In any case, the taunts and jeering were obnoxious in the extreme, and it seemed that we were on the verge of some kind of confrontation between those who were there to scoff and those who were there to hear the poetry. But it didn’t happen.
Ginsberg took the situation completely in hand. Unruffled, he softly began talking directly to the hard-faced man in a calm voice, quoting lines of poetry and asking questions. It was a joy to see him work. With no sense of impatience or malice towards the man, he met venom with tranquillity and gentleness. And the result was startling — and effective. Within a few minutes all the conflict and rancor was gone from the dialogue. The two were simply talking as one human being to another.
In a few more minutes the poetry reading had resumed, and the offenders were offenders no more. They listened quietly now, and by the time the evening was over, they were applauding the readings just like the rest of the audience. It was quite a remarkable lesson that Ginsberg had given those of us who were thereDave Olson, a student at Wichita State in 1966, remembered his encounters with Ginsberg during his visit:
“I had Ginsberg autograph my copy of “Howl,” at the Showboat. I had expected him to just sign it, but he spent several minutes turning the ‘O’ in “Howl” on the cover page into a sunflower with the date and then his autograph.”
Charlie Plymell’s Accounts
Charlie Plymell discusses the events at the Showboat in both his entry in Contemporary Authors Autobiography Series, and in his memoir The Last of the Moccasins (1996).
“They [the police] had been called (of course) because of the obscene poetry. The reading was interrupted and turned into a grass-roots happening. Some John Birch members were in the audience and though disgusted with the filthy language, supported the poetry as the right of free speech. The cops didn’t know quite what to do, so they “got on the two-way radio” to the chief of police. Allen asked to talk to him and began a rather involved dialogue as only Allen can—over the police radio. He mentioned that Barry Farrell from Life magazine was coming to do a story about him. Over the radio, the chief instructed the cops not to interfere, saying, “Well, they’re doing this all over the country.”
Plymell, Contemporary Authors Autobiography Series, Volume 11, 1989: 290].
It is not known who called the police – or the Wichita Eagle-Beacon reporter who was there.
In The Last of the Moccasins, the story is much the same:
“A cop came to the door and told someone at the door to tell him [Roger Angle] to come outside. He told him he couldn’t use that kind of language. […] The cop then took Roger’s poems to his squad car and started reading them to the Chief. By that time Allen had come out with his Urher tape recorder over his shoulder, microphone in hand and told the cop he couldn’t take Roger’s poems and to give them back. And the cop was saying something like he couldn’t read them in a public place. Allen held the mike up and asked him if he was citing a city ordinance or what law was he acting under or was he acting on his own judgment, etc. Meanwhile some A.C.L.U. lawyers had arrived along with some of the press. Allen advised the cop to consult his superiors before he got into trouble. The cop radioed his chief who squawked over the radio something like “well they’re doing it all over the country not much you can do about it.”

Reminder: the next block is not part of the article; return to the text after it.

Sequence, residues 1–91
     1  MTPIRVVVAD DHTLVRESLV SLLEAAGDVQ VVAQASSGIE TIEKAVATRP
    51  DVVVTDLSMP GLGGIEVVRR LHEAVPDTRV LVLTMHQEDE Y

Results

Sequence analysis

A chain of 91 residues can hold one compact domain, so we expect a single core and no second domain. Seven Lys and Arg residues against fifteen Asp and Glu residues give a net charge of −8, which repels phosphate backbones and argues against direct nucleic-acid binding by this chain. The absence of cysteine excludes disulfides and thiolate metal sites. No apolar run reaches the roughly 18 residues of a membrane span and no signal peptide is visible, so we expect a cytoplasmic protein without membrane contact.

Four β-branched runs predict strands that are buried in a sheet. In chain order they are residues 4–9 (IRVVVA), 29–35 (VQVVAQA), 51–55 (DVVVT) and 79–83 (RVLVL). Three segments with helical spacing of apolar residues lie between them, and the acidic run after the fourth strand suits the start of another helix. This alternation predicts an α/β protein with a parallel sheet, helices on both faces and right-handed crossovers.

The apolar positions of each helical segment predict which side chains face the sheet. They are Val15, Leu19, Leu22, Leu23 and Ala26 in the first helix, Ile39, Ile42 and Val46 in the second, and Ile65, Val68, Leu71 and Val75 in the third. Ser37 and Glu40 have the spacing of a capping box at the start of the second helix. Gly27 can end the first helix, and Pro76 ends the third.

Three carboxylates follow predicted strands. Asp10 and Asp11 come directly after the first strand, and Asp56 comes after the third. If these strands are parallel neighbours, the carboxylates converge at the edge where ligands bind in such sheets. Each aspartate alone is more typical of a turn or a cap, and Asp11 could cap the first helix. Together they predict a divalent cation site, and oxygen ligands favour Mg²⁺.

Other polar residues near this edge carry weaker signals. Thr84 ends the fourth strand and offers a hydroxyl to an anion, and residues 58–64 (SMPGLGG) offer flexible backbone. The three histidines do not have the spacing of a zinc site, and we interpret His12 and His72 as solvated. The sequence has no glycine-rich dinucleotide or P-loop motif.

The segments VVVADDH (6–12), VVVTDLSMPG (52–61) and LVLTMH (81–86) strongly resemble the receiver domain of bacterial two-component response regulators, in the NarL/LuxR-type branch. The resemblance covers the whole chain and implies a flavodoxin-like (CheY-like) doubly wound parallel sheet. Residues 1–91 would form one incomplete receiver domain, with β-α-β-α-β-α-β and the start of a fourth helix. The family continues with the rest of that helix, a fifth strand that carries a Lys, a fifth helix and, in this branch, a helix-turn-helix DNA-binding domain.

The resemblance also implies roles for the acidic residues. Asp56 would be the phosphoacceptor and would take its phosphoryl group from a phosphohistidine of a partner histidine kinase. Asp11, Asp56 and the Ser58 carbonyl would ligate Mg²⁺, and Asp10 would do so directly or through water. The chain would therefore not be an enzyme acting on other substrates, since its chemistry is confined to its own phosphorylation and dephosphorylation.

[Plymell, The Last of the Moccasins, 1996: 151-2].
As may be seen – and as is natural – each person’s remembrances of the events are somewhat different: Charlie’s later accounts, my own recollections, and the reporter’s story in the newspaper quoting Ginsberg at the time.
Ginsberg memorialized The Showboat appearance himself in a section of the “Wichita Vortex Sutra” dated February 15, 1966:
Kansas! Kansas! Shuddering at last!
PERSON appearing in Kansas!
angry telephone calls to the University
Police dumbfounded leaning on
their radiocar hoods
While Poets chant to Allah in the roadhouse Showboat!
[Ginsberg, 1988: 394].
The Showboat building was torn down December 17, 1999 to make way for a Walgreen Drugstore.
This Section first appeared in a slightly different form as Chapter 6 of The Vortex Souvenir Book, by Lee Streiff, © 2000.
Ginsberg, Allen. Collected Poems 1947-1980, © Harper & Row, New York, 1988.
Hollis, Ralph; Hawkins, Steve; and Bramel, Janet. The Worlds We Made, 1958.
O’Connor, P. J. Moody’s Skidrow Beanery, Kansas Underground from Beat to Hip. © Rowfant Press, Wichita, 1999.
Olson, Dave. (e-mail to Lee Streiff, January 14, 2001).
Charles Plymell, Contemporary Authors Autobiography Series, Volume 11, 1989.
The Last of the Moccasins, © Mother Road Publications, Albuquerque, NM, 1996.